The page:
My favorite text editor for as long as I can remember is Homesite. I still use it today to edit HTML, PHP, etc. Homesite began life as a product developed by Nick Bradbury. Nick sold the software to Allaire. Allaire was acquired by Macromedia and then most recently acquired by Adobe when Adobe acquired Macromedia.
Adobe has announced that it no longer will support Homesite and is pushing customers into Adobe Dreamweaver CS4. Adobe notes, “After careful consideration, Adobe discontinued development of Macromedia HomeSite software effective May 26, 2009. Field and channel sales of the product ended on May 26 and sales across all channels, including the online Adobe Store, ended June 18, 2009. Existing customers are encouraged to consider the development environment of Adobe® Dreamweaver CS4 software.”
A real shame as Adobe really has no product that is lightweight and works for raw coding. I will continue to use Homesite as it meets my needs for coding. You can read my last review of Homesite 5 from a few years ago.
I have been an avid fan of the HomeSite HTML editor since version 1.2. Back in those days, HomeSite was written and distributed by a single individual, Nick Bradbury. He created HomeSite when he got tired of using Notepad to create the HTML code for his online comic strip, “Dexter on the Net.” The product, even at these early stages, quickly became a favorite of HTML developers around the world. Before version 3 was completed, the software was sold to Allaire, which ended its days as a free product. However, it did not end HomeSite’s days as a viable tool, which all too often happens when a major corporation purchases software from private developers. In 2001, Allaire merged with Macromedia. HomeSite 5 is the first official Macromedia HomeSite release. How can the best HTML editor get better?
In HomeSite 4, there was one main issue that almost made me quit using the application. The main issue was the slow file tree. Using the Windows 2000 operating system, it normally would take between 7-12 seconds to show the files. Thankfully it seems that issue has been corrected in version 5.
The features that have been packed into HomeSite 5 are too numerous to list here. Here is a brief list of the key features:
Powerful Code Editing Tools
Tag Insight and Tag Completion
Customizable Work Environment
Extensible User Interface
Advanced File Management
Secondary Files Tab
Superior Code Navigation
The second file tab addition is great. There are many times when I work in two different directories. The old method was to work within the file tree back and forth. This became irritating. Now, I can keep two folders open at the same time. The split window enables viewing of two areas of code simultaneously, allowing you to find coding errors easily while working with long blocks of code.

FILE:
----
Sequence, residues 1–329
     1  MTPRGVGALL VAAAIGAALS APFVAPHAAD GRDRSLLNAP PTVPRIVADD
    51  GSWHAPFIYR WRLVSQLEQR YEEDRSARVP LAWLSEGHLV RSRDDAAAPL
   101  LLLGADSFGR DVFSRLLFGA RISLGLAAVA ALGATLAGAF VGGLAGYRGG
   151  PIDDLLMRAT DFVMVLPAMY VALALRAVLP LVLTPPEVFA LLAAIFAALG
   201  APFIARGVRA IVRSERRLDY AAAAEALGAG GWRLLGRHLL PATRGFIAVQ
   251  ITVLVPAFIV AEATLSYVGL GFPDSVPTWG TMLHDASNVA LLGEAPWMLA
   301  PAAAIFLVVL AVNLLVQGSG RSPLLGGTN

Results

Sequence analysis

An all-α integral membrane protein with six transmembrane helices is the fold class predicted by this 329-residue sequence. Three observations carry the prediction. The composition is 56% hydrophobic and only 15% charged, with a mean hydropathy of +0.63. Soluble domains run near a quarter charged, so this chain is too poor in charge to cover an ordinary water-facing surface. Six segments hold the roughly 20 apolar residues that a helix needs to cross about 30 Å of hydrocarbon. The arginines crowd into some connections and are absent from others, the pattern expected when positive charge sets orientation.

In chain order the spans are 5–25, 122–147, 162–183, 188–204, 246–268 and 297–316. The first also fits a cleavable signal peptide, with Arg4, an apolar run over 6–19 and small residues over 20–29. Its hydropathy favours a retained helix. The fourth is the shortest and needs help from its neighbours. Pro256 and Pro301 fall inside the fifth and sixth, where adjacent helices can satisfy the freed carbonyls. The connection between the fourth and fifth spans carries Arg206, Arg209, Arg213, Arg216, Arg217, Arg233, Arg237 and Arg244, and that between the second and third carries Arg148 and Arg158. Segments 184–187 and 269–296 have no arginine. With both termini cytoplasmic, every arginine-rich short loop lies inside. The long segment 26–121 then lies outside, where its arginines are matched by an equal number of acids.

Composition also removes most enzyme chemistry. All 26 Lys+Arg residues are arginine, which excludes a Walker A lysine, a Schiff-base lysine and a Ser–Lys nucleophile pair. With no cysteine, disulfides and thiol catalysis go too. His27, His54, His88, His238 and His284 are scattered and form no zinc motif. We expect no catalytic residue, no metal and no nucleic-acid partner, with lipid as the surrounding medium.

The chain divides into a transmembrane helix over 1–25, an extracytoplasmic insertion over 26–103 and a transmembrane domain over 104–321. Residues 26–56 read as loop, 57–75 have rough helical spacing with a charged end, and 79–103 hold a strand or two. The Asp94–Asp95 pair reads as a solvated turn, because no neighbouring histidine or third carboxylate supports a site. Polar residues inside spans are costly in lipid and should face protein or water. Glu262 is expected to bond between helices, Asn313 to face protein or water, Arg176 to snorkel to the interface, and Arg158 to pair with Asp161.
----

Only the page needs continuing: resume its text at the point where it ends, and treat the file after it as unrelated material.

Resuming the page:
HomeSite 5 continues the tradition of including a complete and useful help system. Not only is the complete documentation for the software provided, but also a complete HTML reference guide and another reference guide regarding the use of style sheets. There is even a nice section on developing Dynamic Web Sites, something we hear more and more about these days and browsers get better and better. HomeSite 5 supports HTML’s multiple sets of standards from HTML2.0 -HTML4.0 and includes vast reference sections regarding both Internet Explorer and Netscape HTML extensions. These are fully documented and validated by the HTML validator on command.
It is also possible to configure multiple external browsers for easy viewing/testing of your websites on any browser platform. These can be used to view your pages even before you commit changes in the working documents to disk. The design window can also be split into two panes, one a code view and one a browser view so that you can instantly see the effects of code changes on the output document. This is a handy tool when making changes to a site and cuts down the amount of time the developer must spend switching between Homesite and an External browser or switching the Edit and Browse views within Homesite itself.
Overall, the merger between Macromedia and Allaire has made version 5 even better. Many of the problems or design oversights of previous versions have been totally eliminated. A handful of helpful new features have appeared. I am confident I will be using HomeSite 5 for all of my web development work.